Pritchard, George (DNB00)
|←Pritchard, Edward William||Dictionary of National Biography, 1885-1900, Volume 46
PRITCHARD, GEORGE (1796–1883), missionary and consul at Tahiti, born in Birmingham on 1 Aug. 1796, worked from childhood with his father, a journeyman brass-founder, and showed great mechanical skill. While he was a youth, he and his family attended Carr's Lane Chapel, and he became a local preacher in villages around Birmingham. Having resolved to undertake missionary work, he left with his wife (Miss Ayllen, West Meon, Hampshire) in a cargo ship for Tahiti, in the Society Islands of the Pacific Ocean, on 27 July 1824. Pritchard and his wife were welcomed on their arrival by the queen, Pomare, and he was shortly appointed British consul for the Georgian, Society, Navigator's, and Friendly Islands. On 21 Nov. 1836 the queen refused to admit to her dominions two French priests, Laval and Garret, from Gambia Island, and there followed a long quarrel with the French government, which ended in the islands being placed under French protection in 1842, and a temporary annexation by France in 1843. Pritchard advised the queen throughout this critical period, and helped to pay in 1838 an indemnity of two thousand Spanish dollars summarily demanded by the French admiral, Du Petit-Thouars. In 1841 he went to England to lay before the British government the case of the dispossessed queen, and to describe the outrages which the invaders inflicted upon British subjects ; but he returned in February 1843 without obtaining any genuine guarantee of security. On 5 March 1844 he was seized by the French authorities on the pretence that he encouraged disaffection among the natives. Captain Gordon, of H.M.S. Cormorant, procured his release, on condition that he should leave the islands and never return. He sailed in the Cormorant to Valparaiso, whence he reached London. The English government thereupon demanded of the French an apology and pecuniary reparation. Pritchard asserted that his property had suffered damage to the amount of 4,000l. Eventually, in the queen's speech of 1845 announcement was made that the difficulty had been satisfactorily adjusted. Pritchard subsequently lived in retirement in England, dying at Hove, near Brighton, in May 1883 in his eighty-seventh year. His widow and several children survived him.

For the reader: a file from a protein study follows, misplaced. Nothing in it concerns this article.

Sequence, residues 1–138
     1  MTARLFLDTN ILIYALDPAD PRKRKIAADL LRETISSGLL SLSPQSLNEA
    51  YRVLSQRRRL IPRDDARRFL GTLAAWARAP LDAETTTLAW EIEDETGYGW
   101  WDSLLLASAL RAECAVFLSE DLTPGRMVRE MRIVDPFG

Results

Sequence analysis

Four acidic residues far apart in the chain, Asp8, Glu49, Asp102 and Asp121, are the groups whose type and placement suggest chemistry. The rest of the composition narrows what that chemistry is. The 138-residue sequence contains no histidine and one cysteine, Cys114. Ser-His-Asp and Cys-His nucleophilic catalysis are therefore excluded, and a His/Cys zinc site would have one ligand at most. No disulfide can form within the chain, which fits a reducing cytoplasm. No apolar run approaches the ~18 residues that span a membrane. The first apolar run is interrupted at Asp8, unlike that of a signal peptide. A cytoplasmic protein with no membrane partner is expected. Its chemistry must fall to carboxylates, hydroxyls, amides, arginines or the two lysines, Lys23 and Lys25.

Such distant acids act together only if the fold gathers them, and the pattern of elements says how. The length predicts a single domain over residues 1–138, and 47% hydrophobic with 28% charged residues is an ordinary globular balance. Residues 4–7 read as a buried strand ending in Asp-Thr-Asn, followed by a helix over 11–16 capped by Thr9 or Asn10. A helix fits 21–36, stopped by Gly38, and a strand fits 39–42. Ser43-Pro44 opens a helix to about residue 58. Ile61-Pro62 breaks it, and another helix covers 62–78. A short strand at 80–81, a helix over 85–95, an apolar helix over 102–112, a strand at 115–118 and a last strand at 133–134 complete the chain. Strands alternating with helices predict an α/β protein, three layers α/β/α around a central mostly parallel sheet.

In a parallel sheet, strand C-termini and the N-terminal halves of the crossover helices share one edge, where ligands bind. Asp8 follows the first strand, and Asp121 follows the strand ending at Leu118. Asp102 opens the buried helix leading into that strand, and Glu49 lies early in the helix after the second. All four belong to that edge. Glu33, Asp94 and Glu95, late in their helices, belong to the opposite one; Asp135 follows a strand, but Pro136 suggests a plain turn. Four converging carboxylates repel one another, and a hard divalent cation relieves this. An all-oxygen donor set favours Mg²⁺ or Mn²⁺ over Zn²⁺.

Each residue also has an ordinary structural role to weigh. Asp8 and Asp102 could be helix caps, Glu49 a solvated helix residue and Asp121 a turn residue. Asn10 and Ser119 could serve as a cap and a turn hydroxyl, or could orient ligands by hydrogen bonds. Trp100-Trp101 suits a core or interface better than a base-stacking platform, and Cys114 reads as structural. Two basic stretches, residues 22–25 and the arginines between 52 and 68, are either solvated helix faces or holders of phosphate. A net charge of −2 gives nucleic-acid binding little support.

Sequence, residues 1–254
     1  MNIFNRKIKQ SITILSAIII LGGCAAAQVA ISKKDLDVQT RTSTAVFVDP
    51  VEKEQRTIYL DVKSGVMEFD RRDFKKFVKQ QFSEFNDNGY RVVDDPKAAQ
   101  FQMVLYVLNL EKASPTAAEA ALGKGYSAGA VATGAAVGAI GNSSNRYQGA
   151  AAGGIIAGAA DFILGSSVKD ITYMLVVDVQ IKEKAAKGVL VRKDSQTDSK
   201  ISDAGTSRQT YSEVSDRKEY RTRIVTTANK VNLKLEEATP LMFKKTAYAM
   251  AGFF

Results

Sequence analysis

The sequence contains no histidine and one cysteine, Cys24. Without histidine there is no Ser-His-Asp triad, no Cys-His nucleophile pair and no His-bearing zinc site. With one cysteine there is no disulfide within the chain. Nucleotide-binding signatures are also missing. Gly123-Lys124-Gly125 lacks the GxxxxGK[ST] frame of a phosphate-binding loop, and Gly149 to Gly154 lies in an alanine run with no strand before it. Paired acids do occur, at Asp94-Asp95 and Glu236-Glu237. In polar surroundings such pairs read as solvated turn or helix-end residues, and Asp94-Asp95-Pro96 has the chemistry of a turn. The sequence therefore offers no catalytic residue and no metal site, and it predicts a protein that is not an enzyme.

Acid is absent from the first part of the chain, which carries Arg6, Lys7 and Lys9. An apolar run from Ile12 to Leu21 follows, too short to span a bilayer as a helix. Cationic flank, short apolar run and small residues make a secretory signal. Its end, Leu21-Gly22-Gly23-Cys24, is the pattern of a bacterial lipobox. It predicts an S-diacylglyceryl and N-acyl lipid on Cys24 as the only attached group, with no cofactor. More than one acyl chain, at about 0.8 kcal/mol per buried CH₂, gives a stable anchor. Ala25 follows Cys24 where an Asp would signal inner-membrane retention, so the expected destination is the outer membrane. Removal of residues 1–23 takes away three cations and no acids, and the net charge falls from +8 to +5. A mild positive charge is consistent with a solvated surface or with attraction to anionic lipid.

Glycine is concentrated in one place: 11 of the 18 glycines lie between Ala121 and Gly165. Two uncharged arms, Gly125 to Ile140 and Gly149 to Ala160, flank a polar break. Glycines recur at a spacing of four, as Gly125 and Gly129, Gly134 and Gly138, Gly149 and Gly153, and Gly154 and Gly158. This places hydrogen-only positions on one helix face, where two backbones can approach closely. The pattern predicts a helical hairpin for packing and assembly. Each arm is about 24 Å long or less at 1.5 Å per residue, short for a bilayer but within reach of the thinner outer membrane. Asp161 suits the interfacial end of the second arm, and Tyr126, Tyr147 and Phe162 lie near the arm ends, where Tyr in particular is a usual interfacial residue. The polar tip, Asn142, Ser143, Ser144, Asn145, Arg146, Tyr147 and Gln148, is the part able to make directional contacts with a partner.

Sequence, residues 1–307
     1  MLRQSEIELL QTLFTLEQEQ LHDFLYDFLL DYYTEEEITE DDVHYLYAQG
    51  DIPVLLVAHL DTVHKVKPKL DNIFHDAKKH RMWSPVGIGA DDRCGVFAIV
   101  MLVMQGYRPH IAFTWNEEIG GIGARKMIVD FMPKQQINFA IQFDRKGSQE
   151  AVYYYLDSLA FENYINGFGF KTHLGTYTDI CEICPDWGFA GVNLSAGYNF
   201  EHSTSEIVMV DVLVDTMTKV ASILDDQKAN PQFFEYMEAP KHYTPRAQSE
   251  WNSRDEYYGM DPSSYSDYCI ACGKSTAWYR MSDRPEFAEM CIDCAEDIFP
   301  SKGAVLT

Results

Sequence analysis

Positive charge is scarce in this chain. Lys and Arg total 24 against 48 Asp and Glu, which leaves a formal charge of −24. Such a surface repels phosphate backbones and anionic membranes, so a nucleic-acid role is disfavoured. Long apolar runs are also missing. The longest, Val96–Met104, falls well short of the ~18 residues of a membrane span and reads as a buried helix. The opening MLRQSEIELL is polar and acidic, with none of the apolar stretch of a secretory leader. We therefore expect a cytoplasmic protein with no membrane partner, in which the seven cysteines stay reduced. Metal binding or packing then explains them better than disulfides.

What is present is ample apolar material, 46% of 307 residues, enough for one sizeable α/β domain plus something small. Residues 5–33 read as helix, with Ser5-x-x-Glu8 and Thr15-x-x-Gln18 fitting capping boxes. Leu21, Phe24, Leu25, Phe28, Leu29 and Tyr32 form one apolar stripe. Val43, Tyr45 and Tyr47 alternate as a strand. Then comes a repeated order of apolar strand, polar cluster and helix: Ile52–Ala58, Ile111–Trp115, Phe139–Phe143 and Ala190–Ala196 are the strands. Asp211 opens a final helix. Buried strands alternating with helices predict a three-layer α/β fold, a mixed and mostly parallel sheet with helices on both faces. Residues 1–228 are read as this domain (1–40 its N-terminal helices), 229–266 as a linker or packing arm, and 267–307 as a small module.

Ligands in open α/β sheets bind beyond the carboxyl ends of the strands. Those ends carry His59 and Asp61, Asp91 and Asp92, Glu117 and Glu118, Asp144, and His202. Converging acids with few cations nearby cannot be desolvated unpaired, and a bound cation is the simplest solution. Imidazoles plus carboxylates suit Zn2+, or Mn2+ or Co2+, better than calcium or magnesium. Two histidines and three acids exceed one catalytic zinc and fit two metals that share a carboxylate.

He published : 'The Missionary's Reward, or the Success of the Gospel in the South Pacific,' with an introduction by the Rev. J. A. James, 1844; and 'Queen Pomare and her Country,' 1878, 8vo, with an introduction by Henry Allon ; he also left in manuscript 'The Aggressions of the French at Tahiti and other Islands in the Pacific.'[Annual Reg. 1844, p. 260; Dumoulin et Desgraz, lies Täiti ; Brief Statement of the Aggressions of the French on Tahiti (London Missionary Society, 1883); private information.]